Is your Great Pyrenees a non-stop barking machine? If your Pyr just won’t give the yapping and woofing a break, know that you’re not alone. Great Pyrenees are well-loved by many as they make great family pets with their adorable, fluffy appearance. There’s so much to love about these furry beasts.
But like all dogs, they have their own quirks, and one of them is quite likely to be their barking. Yes, overall, they do bark a lot, but the frequency can vary among individuals. And just because the breed has a tendency for vocalization doesn’t mean all is lost for your individual Pyr.
Barking is an instinct for Great Pyrenees. When they feel a type of way, they let you know! However, with proper training, you can reduce excessive barking and maintain a harmonious relationship with your furry bestie.
Pyr Barking: Communication
Barking is a part of dog communication, along with body language and scent. The tone, pitch, and frequency of the bark vary depending on the message the dog is trying to convey. Listen out for the emotion in their noises. Low-pitched growls may be indicative of aggression or fear, whereas high-pitched barks may indicate excitement or playfulness. Your Pyr is trying to tell you something. In some cases, barking is simply a form of attention, especially if the dog has been left alone for a long time.
In addition to barking at unfamiliar sounds or sights, dogs also bark to protect their family and home. Reply appropriately to your dog’s barking; yelling or punishing them could worsen the situation and reinforce negative behavior. The barking of Great Pyrenees can also be used as an expression of their energetic personalities. Pyrs tend to bark more frequently than other breeds because of their lively nature and high intelligence. Despite this, excessive barking is not considered normal behavior for this breed.
It’s in the Genes
These dogs have a long history of barking. We mean long. Dating back to 3,000 years ago, they were bred to guard flocks of sheep. Their whole purpose was to make a ruckus and drive off predators. Living high up in the mountains, they had to wild out to warn predators away from their flocks. This means that the loudest, most easily triggered Pyrs were the ones that got selected to breed the next generation of Pyrenees puppies—and on and on until we get to the barkers of today. Even today, Great Pyrenees continue to bark for various reasons, such as anxiety, protection, aggression, happiness, frustration—you name it.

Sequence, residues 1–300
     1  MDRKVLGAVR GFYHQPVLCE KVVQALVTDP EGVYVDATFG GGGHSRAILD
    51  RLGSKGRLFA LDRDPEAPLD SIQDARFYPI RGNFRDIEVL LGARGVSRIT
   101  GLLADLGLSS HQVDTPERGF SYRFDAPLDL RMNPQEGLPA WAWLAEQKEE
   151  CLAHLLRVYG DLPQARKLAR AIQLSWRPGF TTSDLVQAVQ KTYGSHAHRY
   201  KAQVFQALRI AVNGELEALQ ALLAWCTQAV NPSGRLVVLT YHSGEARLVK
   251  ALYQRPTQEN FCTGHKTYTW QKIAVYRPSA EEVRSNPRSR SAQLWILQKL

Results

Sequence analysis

How Much Barking Is Too Much for Great Pyrenees?
Barking is a natural form of communication for Pyrs, and they use it to communicate a variety of feelings and needs. However, some Pyrs are more likely to bark than others. The problem of excessive barking is one that many pet owners have to deal with. Everyone in the household can become frustrated when their Great Pyrenees barks excessively. How can normal barking be distinguished from excessive barking? It is important to know where to draw the line between normal Pyr behavior and excessive vocalization.
The Impacts of Excessive Barking
Normally, Great Pyrenees barking usually occurs in short bursts and is usually a reaction to stress, excitement, or curiosity. In excess barking situations, Pyrs repeatedly vocalize throughout the day and night for extended periods of time. An owner should consider addressing their pet’s underlying anxieties or separation issues if they display this type of behavior. If not managed properly, excessively barking Great Pyrenees can also cause disturbances in the neighborhood and increase household stress levels.